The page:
“I want McKay.”
There was a sudden silence in the hangar as everyone turned to stare at the man who had spoken.
Lieutenant Colonel John Sheppard was new to the Atlantis base – new to the entire Jaeger program, after he’d accidentally activated the drift-calibrator while delivering supplies to the SGC. His subsequent drift tests were off the charts, but so far they hadn’t actually been able to get him behind the controls.
He had only just started basic training when they’d lost the Colonel Sumner to a level-five kaiju and suddenly John was the ranking military officer. He’d tested compatible with Ford and Teyla, but hadn’t been able to fully drift with either of them, always trying to control too much of the jaeger and breaking the connection.
In his downtime, John had been hanging around the labs, showing a surprising skill for advanced mathematics and a sound understanding of mechanical engineering, along with the much more useful talent for being able to distract Rodney from angering the other scientists enough that they wanted to actually hurt him. Rodney had tried to steal him for the science department, but they desperately needed to get their jaeger back into action and John was by far their best pilot.
Frustrated, Elizabeth had demanded that John choose his own partner – but no one had been expecting that particular answer.
Rodney found his voice first. “Are you insane?” he demanded. “No, don’t answer that, Sheppard, because clearly you are. I’m an engineer, remember?”
“I remember,” John drawled. “I also remember you’re the genius who designed that thing. Which could come in handy out there.”
“And how am I going to fix anything if I’m plugged into the controls?” Rodney protested.
“Not a lot you can fix in the middle of the ocean, from there or from here,” said John. “But with a pilot and an engineer, we can use Puddle Jumper to her full advantage.”
“That’s an excellent idea, John,” said Elizabeth. “You can get started immediately.”
“I know you have drift ability, Rodney,” she interrupted, gently. “You insisted on putting your test results on file.”
John caught his elbow. “C’mon, McKay.”
Rodney allowed himself to be towed out of the hanger and into the corridor that led to the training rooms. He frowned when John pulled them to a stop just after the first corner. “What?”
The pilot’s expression softened. “Hey,” he said. “I’m not above blatant manipulation, but I’m not going to make you do this if you really don’t want to.”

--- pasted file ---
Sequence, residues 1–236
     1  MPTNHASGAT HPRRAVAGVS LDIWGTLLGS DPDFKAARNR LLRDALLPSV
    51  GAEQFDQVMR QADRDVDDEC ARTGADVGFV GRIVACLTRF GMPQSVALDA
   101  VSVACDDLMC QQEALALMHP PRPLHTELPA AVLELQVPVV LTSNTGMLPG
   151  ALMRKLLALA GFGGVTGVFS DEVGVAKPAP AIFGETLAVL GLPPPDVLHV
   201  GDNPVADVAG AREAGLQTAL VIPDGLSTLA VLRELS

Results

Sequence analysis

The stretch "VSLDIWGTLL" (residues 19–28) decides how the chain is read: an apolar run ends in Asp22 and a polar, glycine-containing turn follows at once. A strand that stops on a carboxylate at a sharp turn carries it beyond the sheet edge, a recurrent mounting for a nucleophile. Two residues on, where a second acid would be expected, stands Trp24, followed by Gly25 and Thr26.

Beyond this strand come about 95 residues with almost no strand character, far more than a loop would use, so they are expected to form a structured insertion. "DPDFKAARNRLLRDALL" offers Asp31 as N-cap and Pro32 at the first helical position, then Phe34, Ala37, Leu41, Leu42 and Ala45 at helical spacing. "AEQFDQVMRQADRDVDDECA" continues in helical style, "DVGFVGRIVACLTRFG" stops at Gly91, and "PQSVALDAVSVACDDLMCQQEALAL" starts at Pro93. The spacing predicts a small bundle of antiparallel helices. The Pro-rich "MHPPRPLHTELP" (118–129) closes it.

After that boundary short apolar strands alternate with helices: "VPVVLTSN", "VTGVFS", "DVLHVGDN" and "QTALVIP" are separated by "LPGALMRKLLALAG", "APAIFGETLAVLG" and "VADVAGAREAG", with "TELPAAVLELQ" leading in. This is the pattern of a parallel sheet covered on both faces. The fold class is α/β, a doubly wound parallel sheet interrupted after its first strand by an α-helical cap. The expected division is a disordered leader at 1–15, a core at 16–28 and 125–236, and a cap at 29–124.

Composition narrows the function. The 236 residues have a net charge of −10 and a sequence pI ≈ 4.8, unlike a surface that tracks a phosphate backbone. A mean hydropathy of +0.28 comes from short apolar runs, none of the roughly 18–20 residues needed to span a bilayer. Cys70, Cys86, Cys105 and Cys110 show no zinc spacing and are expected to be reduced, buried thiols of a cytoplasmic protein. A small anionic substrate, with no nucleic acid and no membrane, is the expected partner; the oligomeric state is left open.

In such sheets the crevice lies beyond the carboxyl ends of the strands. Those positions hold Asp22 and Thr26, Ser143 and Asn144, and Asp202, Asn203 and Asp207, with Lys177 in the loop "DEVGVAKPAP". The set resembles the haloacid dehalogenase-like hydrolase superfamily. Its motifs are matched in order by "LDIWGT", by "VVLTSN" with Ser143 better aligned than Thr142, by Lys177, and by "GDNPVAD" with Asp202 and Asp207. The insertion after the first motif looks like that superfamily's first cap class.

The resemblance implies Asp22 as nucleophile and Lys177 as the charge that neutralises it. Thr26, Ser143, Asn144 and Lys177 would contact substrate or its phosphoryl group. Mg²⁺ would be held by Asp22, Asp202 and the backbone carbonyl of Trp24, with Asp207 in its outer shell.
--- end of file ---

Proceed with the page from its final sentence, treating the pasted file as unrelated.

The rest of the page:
“I didn’t say that,” Rodney protested. “But you don’t know what you’re asking.”
“I know exactly what I’m asking,” John insisted. “We’re friends, Rodney. Or, at least, I thought we were. You understand me better than anyone ever has.”
“The drift isn’t about understanding, colonel. It’s about surrender. It’s about taking everything you are and just… handing it over to another person.”
Rodney hadn’t realized how tense his shoulders were until John curled his hands around them, holding tight.
“No, buddy, of course it’s not,” he said. “It’s about partnership. That’s why I couldn’t make it work with Ford or Teyla. They’re good, but I’m still their commanding officer. I couldn’t give up the responsibility, I kept worrying that they were just following orders.”
“And you don’t worry that about me?” Rodney asked.
John smiled. “I rely on your ability to tell me exactly what kind of idiot you think I am.”
“Drift with me, Rodney,” the pilot said, his voice a low rumble.
“I…” Rodney began, then swallowed hard. “Okay, please tell me I am not reading that tone all wrong?”
“Are you getting that I want you to kiss me?” said John. “Because I was really hoping you’d pick up on that.”
“Oh,” said Rodney. “I’m usually terrible at reading human social cues. If you want any kind of consistent results moving forward, you’re going to have to be less subtle.”
“Hey, Rodney,” said John, leaning close enough that the scientist could see the flecks of green in his hazel eyes.
“I – Okay,” Rodney mumbled, and titled his head up to press their lips together.
The need for air broke them apart, but John didn’t go far. One of his hands had stayed on Rodney’s shoulder, and the other had found its way under the scientist’s t-shirt, where his thumb traced idle patterns on bare skin.
“Drift with me, Rodney,” repeated John.
“Okay,” said Rodney, and kissed him again.
(And when they finally did go down to Carson’s lab to test the drift, it was less like the ‘handshake’ they called it and more like that kiss all over, like John had always been missing from Rodney’s mind and now he was complete.
“Cool,” said John, and Rodney agreed.)